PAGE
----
EDITORIAL: Budget 2017 on predictable lines

October 16th, 2016 5:00 PM

By Southern Star Team

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SO much of the thrust of it had been agreed in advance during the negotiations for the programme for government before the summer, and then aired in the media, that this week’s Budget 2017 announcement was more or less as predicted, with no major surprises. In fact, it was more of an anti-climax because the government had a lot less money at its disposal for extra spending and tax concessions than the previous one had for last year’s giveaway pre-election budget.

Two-thirds of the €1bn that was available this year had to be allocated for increased public spending – something Fianna Fáil was claiming credit for insisting on – so there was very little wriggle room for Minister for Finance Michael Noonan to do anything major in the way of easing the burden of the Universal Social Charge. It hardly seems likely that Fine Gael would ever have been able to deliver on its pre-election promise to phase out the USC within five years given the resources available and the various uncertainties that have to be faced.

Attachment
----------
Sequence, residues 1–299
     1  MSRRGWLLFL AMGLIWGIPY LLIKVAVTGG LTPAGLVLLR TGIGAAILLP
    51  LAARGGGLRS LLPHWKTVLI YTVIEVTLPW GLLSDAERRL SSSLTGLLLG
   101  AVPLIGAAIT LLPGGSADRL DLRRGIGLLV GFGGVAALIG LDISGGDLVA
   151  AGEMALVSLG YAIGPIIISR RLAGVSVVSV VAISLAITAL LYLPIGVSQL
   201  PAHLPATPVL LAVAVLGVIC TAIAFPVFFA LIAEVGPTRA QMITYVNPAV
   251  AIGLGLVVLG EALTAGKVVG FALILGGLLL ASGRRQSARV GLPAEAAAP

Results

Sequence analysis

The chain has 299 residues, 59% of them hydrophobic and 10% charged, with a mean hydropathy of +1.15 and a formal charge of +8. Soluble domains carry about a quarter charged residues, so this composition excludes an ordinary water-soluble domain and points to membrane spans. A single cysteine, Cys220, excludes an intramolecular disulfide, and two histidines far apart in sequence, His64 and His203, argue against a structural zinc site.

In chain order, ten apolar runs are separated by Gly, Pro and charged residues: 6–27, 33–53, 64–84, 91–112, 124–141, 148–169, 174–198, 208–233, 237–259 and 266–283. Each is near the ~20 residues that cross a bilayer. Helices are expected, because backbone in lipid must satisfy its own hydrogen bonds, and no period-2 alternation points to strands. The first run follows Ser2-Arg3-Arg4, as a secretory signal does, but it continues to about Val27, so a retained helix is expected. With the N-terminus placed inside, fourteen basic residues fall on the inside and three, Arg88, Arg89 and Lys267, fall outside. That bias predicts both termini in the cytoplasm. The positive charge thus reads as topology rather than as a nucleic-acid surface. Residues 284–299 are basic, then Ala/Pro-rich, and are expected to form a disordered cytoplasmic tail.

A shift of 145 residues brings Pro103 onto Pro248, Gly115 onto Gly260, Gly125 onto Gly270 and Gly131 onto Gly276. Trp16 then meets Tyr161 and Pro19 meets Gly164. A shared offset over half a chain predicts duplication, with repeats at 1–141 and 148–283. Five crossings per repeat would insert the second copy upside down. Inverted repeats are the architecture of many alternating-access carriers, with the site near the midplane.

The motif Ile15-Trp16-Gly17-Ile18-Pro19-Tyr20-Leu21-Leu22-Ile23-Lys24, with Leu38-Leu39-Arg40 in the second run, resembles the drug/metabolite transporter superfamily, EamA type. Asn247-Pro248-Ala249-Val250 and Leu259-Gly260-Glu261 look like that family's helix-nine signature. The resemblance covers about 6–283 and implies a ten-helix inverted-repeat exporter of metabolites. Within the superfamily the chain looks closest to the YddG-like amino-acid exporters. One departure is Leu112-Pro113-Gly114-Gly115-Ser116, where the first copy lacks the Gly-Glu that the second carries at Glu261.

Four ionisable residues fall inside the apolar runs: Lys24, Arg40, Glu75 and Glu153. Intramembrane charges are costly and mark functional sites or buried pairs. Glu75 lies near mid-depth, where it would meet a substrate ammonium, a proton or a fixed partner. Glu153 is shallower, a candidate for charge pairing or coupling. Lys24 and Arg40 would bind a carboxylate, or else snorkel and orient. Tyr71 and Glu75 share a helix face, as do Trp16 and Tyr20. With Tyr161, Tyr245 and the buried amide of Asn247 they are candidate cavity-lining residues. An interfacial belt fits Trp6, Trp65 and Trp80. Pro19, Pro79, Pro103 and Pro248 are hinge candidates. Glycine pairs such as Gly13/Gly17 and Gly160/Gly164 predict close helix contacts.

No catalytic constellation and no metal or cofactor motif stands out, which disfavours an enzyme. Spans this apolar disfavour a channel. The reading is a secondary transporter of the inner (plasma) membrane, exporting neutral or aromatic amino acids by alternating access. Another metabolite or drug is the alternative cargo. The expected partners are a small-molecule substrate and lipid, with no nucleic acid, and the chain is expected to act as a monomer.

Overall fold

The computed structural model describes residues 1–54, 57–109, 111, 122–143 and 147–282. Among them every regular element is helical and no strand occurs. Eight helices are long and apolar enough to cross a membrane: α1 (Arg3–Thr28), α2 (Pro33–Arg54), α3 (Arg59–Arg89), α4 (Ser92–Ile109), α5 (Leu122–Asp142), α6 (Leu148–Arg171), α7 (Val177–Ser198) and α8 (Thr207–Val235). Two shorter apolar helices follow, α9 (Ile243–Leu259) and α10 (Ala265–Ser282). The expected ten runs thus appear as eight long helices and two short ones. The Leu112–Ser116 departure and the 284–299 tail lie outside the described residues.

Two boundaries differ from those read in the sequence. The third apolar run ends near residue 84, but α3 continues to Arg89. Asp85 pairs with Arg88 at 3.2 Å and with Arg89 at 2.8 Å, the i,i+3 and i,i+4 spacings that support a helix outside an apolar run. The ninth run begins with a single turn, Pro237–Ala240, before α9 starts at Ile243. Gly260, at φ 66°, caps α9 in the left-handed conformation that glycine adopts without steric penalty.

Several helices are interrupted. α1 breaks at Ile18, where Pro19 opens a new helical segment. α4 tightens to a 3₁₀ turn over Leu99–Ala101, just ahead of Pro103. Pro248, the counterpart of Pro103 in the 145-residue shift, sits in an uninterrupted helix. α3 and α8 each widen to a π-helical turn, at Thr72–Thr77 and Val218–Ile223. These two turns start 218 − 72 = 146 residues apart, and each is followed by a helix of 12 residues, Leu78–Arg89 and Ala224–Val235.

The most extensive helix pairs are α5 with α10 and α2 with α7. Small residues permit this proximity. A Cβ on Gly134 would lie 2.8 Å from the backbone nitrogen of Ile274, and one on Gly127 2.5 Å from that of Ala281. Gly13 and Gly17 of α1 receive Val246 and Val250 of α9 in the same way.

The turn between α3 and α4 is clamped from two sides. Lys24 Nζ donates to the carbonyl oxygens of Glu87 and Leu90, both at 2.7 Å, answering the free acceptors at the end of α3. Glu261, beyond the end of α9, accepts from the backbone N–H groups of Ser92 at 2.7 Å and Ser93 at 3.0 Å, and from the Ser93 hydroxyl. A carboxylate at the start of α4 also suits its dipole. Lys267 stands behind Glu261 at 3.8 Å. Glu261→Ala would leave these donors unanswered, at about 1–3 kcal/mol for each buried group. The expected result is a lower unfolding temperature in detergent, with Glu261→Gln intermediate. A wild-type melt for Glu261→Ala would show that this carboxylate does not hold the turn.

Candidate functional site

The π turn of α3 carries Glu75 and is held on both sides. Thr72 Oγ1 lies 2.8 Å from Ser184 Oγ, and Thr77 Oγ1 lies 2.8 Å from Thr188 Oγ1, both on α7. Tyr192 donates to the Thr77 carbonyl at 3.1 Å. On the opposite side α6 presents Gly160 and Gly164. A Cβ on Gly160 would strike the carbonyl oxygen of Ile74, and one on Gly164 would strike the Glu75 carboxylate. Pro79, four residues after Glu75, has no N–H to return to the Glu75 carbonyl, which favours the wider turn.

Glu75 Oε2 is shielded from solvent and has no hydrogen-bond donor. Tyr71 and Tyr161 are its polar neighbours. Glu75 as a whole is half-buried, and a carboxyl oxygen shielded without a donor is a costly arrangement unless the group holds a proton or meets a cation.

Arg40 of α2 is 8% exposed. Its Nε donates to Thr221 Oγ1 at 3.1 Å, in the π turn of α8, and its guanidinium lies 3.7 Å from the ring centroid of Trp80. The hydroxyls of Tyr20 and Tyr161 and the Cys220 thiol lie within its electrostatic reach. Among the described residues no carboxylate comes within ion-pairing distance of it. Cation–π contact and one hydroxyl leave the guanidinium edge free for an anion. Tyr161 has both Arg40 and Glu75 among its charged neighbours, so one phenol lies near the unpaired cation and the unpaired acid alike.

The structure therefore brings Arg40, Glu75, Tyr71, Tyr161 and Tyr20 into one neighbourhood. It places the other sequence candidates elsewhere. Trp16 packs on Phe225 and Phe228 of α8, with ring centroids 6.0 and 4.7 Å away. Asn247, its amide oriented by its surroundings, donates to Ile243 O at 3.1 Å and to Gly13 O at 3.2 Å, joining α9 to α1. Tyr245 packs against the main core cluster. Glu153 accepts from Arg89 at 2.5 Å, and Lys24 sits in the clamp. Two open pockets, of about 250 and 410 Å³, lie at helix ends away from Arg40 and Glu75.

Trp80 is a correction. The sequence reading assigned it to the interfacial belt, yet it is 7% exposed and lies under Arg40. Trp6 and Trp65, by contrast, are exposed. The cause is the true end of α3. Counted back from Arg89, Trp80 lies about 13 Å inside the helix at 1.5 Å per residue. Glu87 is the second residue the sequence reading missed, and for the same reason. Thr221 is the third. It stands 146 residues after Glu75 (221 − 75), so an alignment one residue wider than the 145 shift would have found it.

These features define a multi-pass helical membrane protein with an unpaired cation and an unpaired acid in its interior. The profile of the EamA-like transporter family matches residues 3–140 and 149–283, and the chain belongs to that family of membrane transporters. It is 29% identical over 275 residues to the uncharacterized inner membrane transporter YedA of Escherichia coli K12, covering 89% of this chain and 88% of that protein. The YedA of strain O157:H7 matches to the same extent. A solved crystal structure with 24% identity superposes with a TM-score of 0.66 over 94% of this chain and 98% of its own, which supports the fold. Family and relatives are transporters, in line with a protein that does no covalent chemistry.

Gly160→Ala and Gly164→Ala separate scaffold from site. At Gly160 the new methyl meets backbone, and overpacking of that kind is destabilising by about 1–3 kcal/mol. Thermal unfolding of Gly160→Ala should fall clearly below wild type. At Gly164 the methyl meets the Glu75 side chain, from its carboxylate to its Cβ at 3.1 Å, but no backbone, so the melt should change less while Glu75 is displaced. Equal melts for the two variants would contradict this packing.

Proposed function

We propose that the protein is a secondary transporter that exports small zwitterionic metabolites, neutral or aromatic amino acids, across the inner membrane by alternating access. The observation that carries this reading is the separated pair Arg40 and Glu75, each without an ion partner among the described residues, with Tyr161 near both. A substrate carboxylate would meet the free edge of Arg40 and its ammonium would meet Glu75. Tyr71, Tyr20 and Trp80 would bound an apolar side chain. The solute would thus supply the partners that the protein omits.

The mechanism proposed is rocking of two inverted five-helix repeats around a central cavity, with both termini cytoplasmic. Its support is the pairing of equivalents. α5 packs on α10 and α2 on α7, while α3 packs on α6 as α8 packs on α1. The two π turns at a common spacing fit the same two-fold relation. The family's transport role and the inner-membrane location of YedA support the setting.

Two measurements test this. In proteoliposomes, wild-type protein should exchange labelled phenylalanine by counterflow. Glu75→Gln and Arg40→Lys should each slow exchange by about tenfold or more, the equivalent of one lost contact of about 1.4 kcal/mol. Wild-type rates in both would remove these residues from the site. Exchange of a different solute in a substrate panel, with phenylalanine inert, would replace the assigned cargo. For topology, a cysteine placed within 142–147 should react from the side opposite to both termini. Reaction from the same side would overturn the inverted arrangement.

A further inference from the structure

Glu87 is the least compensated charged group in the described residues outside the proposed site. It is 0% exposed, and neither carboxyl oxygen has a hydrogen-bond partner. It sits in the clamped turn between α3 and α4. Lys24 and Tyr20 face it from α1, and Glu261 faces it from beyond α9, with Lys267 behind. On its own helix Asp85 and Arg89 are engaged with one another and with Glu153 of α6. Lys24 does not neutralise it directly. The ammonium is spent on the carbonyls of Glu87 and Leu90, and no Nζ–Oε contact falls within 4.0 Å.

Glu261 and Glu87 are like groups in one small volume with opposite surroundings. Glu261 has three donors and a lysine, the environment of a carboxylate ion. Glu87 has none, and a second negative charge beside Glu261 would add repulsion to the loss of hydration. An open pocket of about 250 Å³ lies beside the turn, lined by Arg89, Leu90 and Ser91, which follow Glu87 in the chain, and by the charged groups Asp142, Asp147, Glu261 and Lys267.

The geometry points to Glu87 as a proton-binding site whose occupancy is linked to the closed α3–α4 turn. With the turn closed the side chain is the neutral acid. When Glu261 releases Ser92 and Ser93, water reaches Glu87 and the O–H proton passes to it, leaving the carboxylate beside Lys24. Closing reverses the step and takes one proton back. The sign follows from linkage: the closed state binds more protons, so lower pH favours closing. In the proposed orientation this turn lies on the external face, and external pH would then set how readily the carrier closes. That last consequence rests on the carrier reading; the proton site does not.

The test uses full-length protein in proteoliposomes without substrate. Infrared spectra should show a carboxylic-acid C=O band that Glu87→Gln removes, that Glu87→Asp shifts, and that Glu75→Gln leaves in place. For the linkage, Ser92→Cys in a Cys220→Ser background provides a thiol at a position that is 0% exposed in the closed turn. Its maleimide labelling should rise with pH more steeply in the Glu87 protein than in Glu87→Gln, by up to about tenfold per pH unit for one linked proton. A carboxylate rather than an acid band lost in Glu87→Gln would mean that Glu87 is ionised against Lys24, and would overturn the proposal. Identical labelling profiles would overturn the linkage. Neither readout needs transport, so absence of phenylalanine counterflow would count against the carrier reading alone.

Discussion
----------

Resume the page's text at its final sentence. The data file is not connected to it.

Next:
Among the laughable pre-Budget spin was that the government needed to make it ‘Brexit-proof.’ We cannot comment on whether or not it did that because we don’t know what it means, but if it involved being prudent, then that the Budget certainly was.

Spending increases on more gardai and teachers were a given as they were needed anyway to cope with increasing demands. Health and housing got some investment, but nowhere near the scale needed. 

On the social welfare side, increases such as a further promised increment in the restoration of the Christmas bonus payment was merely compensation for it having been abolished during the economic downturn. Social Protection Minister Leo Varadkar was somewhat reticent before the Budget about increasing the old age pension, putting himself in peril of a backlash from the grey vote!

As with all Budget announcements, the devil is in the detail and, no doubt, over the coming days and weeks, some controversy will be sparked by it, mainly by sectors who did not get what they wanted.

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